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Any owner of a dog who has had “cherry eye” will tell you that it is not a pretty sight. Perhaps you have witnessed it yourself and have seen the large red mass bulging out of the inner corner of a dog’s eye, from which the name ‘cherry eye’ originated. While not the most visually appealing condition (for the owners or the afflicted dog), cherry eye is actually a fairly common and benign occurrence in many breeds of dogs.
Though it may appear somewhat like a tumour or even an awfully big bug bite, the ‘cherry’ on your dog’s eye is actually a prolapsed (or popped out) gland. Known by veterinarians as the nictitans gland, this gland is present in the third eyelid of dogs and aids in the production of tears. Unlike humans, many animals possess this third eyelid which closes horizontally across the eye to provide extra protection and moisture.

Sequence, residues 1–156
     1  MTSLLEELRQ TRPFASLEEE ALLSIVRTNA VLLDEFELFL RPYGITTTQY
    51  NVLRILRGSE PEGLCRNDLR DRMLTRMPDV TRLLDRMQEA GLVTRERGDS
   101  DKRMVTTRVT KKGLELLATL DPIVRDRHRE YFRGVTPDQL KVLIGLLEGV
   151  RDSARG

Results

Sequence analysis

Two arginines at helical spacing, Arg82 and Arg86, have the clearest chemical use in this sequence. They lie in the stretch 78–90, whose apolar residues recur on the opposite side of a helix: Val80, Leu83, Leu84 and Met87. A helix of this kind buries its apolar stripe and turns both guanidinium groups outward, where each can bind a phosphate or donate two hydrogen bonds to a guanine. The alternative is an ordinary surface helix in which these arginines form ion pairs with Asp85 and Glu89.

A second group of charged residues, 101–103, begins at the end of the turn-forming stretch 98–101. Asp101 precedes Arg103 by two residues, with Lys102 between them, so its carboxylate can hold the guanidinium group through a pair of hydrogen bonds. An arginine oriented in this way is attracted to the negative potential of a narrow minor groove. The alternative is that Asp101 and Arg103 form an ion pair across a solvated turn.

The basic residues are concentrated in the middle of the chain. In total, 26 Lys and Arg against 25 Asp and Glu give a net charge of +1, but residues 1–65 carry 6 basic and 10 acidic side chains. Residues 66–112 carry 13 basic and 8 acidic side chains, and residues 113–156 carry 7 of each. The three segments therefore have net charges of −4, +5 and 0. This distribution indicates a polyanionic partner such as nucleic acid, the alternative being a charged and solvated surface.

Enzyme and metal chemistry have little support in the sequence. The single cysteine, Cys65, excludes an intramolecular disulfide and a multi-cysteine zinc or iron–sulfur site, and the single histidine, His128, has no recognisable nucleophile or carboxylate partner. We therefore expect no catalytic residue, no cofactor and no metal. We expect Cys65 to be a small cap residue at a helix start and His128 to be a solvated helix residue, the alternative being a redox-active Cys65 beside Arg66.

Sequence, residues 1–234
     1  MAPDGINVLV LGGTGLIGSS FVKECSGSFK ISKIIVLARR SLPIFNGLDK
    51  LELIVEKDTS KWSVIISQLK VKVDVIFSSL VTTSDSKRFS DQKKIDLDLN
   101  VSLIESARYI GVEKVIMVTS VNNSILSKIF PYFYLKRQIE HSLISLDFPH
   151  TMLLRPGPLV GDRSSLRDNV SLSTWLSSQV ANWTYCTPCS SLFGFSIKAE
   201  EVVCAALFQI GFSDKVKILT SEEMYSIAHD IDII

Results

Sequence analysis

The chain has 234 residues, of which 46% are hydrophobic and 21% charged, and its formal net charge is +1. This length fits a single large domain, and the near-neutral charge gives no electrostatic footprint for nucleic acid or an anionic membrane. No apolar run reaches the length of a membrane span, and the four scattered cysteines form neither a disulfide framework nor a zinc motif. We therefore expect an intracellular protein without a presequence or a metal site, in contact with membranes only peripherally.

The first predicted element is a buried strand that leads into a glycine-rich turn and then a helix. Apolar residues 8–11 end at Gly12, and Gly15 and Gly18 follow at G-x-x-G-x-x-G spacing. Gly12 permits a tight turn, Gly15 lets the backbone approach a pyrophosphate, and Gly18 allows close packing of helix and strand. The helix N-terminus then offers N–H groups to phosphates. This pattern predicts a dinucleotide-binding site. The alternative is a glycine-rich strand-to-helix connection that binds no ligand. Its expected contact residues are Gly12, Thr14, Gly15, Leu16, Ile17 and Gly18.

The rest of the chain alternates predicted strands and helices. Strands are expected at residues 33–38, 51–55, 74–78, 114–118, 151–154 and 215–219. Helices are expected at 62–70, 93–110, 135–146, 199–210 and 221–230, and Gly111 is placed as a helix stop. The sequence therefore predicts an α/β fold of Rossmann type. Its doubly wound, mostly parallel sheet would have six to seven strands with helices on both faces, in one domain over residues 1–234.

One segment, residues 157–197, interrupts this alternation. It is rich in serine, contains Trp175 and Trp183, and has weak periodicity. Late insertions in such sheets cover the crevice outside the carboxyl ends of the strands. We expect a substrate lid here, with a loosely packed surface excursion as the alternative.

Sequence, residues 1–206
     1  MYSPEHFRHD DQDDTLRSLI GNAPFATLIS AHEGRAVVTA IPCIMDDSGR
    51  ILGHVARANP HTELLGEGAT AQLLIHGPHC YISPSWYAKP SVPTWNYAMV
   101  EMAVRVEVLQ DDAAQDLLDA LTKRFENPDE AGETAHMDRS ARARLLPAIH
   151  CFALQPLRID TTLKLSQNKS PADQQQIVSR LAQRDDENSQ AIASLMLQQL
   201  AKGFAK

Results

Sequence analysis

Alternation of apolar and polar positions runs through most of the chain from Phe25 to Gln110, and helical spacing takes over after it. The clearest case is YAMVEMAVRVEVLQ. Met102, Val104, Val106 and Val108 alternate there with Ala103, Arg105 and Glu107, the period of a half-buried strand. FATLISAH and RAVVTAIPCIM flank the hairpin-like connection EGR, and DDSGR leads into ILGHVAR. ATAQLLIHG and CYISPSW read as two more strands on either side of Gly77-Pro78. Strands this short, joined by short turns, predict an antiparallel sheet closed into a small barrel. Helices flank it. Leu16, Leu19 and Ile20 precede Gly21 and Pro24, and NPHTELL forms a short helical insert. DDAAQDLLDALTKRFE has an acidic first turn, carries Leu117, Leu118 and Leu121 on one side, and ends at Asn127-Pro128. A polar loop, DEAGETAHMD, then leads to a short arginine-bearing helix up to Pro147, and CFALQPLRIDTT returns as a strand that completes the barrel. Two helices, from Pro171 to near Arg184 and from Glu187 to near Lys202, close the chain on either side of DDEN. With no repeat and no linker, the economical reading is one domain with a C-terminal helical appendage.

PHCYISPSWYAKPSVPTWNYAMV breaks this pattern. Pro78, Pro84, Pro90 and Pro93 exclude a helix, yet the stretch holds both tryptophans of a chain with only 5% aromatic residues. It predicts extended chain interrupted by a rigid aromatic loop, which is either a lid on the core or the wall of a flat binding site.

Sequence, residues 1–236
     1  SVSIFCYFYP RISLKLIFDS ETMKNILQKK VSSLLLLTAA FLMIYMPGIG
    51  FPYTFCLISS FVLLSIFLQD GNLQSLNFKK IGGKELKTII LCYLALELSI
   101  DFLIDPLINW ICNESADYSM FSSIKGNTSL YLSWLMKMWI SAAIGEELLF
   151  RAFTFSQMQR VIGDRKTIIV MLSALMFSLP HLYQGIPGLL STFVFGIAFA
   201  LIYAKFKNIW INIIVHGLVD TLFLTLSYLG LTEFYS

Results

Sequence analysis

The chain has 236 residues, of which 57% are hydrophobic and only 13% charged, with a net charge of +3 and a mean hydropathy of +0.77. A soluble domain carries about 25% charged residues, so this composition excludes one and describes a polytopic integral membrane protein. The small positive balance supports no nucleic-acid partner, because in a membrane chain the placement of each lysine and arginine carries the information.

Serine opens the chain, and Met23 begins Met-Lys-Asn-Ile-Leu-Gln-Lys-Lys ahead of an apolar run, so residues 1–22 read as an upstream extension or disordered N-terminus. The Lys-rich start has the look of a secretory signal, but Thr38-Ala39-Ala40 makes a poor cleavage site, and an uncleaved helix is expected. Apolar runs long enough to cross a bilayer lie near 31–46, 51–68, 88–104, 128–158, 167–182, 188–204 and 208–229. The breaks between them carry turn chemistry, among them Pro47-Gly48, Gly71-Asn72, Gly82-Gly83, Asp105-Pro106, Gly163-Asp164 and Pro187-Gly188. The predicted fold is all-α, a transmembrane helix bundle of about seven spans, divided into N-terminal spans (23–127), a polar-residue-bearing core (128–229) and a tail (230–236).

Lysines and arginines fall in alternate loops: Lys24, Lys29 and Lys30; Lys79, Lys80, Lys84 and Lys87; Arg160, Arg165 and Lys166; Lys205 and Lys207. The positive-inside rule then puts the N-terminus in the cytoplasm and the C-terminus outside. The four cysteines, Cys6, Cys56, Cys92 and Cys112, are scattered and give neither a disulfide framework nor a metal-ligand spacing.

- cecilia levallois
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- Not Provided
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- Date of Death
- Coat Colour:
- bright orange
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My cat Pachacuti Inca Yupanqui was named after the Incas¨ best emperor and like the monarch, my Pachacuti was a macho macho being. He refused to tolerate spaying, and every time we attempted he fled. He died with his virility completely intact, mangled by a pair of chowchows while chasing an alluring queen in heat. Playful, insolent, rowdy and noisy, he was his cousin Vespasian´s best friend. His mother Rojita Xepacachimba had already preceded him over the Rainbow Bridge when she died on July 15th 2005 due to childbirth. Obviously a historian´s cat, he might be teaching Inca history over there. I miss his loud yowling and his bites.Cecilia Ruiz de Ríos, Nicaraguan historian.